Sunday, September 8, 2013

D&D 30 Day Challenge - Day 8

Question: What's my favorite (D&D) character as a player?

It was not the first time I played AD&D that generated my favorite character ever, but it was a year or two later at the same convention and under the same DM. Those games were 14 to 16 hour affairs and I came to believe that AD&D has a nice flavor, but, after all is said and done, it seemed less elegant and slower than other systems I knew. But the guys we played with were three years older and "far more experienced", so, naturally, I must have had the wrong impression...

Anyway, it was fun playing with the big dogs, so we decided to join another game by the same guy (well, "were allowed to" may be a bit more fitting...). Nothing published, but some adventure he'd done himself. High level. I was asked what I wanted to play, I went through the options and decided for half-elf bard. Level 12. He had Fire Balls, Lightning Bolts, Invisibility, some Magic Items and an Attitude. I called him:

Edal Worfang

One of our first encounters was a Nymph. No fights and not much game until then. The gladiator was the first to see her - and dropped dead. The DM described her as "the most beautiful thing on earth" and I was like, hey, I'm an artist, I gotta see this. So I took some paper and a drawing pencil, failed the save by one fucking point and dropped dead*. Well, would have dropped dead.

But the DM started to fear a TPK by the first (and non-violent, I might add) encounter, so he was eager enough to look for a +1 bonus to my save vs. death. Luckily enough some character (could have been a blade singer? a paladin?) stood close enough to provide a +1 with his aura. I was saved. "The game must go on!" and all that.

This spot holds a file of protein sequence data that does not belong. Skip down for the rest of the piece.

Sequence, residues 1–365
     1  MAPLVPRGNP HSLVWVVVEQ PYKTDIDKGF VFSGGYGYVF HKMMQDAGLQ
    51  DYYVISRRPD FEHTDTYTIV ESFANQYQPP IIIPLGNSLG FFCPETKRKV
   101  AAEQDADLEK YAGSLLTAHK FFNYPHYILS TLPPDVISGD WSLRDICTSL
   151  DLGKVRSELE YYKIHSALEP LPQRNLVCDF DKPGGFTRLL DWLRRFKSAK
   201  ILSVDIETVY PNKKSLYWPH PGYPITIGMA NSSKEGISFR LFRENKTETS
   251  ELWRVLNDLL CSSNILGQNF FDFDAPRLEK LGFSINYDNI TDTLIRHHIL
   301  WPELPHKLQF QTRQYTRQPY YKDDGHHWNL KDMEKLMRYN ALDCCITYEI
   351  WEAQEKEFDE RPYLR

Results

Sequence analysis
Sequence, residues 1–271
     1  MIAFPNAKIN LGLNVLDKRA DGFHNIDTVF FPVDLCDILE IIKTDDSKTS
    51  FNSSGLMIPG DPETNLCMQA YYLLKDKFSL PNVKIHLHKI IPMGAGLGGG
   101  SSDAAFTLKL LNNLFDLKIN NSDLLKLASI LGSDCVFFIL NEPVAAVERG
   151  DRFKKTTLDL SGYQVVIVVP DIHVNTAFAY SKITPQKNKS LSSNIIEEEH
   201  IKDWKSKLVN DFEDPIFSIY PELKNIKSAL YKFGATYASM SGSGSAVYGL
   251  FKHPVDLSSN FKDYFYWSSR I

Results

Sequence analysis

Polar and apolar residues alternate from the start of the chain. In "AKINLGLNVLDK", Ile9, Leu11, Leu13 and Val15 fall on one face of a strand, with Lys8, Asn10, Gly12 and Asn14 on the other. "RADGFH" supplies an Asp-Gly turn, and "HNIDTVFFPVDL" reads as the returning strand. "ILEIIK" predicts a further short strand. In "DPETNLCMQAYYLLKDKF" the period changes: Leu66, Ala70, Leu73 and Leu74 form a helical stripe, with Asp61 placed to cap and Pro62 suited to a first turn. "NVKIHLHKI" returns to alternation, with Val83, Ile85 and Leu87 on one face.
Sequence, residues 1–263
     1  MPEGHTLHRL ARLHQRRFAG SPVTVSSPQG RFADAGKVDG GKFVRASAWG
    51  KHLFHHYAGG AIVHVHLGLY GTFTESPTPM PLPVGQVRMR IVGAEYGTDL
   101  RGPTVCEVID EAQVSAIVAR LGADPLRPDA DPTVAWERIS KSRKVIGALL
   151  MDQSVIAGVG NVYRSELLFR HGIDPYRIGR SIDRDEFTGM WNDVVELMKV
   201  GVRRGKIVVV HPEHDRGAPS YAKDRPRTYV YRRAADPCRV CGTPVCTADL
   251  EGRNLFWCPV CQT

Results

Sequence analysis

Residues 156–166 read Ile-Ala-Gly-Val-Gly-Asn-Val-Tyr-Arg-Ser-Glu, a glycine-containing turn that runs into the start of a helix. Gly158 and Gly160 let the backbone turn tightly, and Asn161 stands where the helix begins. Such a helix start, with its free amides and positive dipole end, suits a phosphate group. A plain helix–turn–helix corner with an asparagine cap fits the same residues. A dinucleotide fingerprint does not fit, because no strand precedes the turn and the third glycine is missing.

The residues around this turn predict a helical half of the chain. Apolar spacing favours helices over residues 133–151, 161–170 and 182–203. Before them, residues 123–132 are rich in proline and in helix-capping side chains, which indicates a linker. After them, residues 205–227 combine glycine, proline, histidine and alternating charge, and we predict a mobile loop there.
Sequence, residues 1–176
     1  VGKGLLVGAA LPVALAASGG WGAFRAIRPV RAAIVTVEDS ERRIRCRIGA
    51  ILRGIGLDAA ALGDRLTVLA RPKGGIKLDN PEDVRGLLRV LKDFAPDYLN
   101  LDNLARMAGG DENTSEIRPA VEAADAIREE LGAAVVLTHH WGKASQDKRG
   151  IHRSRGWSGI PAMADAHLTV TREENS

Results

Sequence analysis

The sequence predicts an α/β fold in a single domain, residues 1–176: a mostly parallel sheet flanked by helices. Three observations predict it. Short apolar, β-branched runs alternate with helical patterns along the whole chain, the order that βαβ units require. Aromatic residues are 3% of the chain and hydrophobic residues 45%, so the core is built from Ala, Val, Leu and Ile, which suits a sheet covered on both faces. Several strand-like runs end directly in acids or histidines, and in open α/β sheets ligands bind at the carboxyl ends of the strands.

That day I started to love this character. But I wouldn't get many opportunities to play him. I don't play that much and on the rare occasions I do, it's hard to implement a level 12 AD&D character. We did redo him for a few HackMaster sessions. This time I started him at level 1. But it turned out he was the same competent no-good bastard**. Good times.

And something else occurred to me while writing about my favorite character:

The Bard as class works because it doesn't...

Many people don't like the bard. And I get that. System-wise he is a bit problematic (in most cases). But I guess, for me at least, that's the point. His unfitness might be seen as a chance for a player to experience a freedom of movement he wouldn't discover with a fully "functional" class. I don't think I realized that at the time, but now I'm pretty sure that's why I loved the character so much back in the day. In the end, the limits of such a class open so much more possibilities for the player. In it's essence, this is what role playing is about...

*As soon as I'm a player, I suck at rolling dice. Can't help it. As a DM I'm a killer with the dice, as a player the dice will always fail me.
**They tend to get an own will with time, don't they? Even when playing the same class over and over again, the individual result will play different than those before him.

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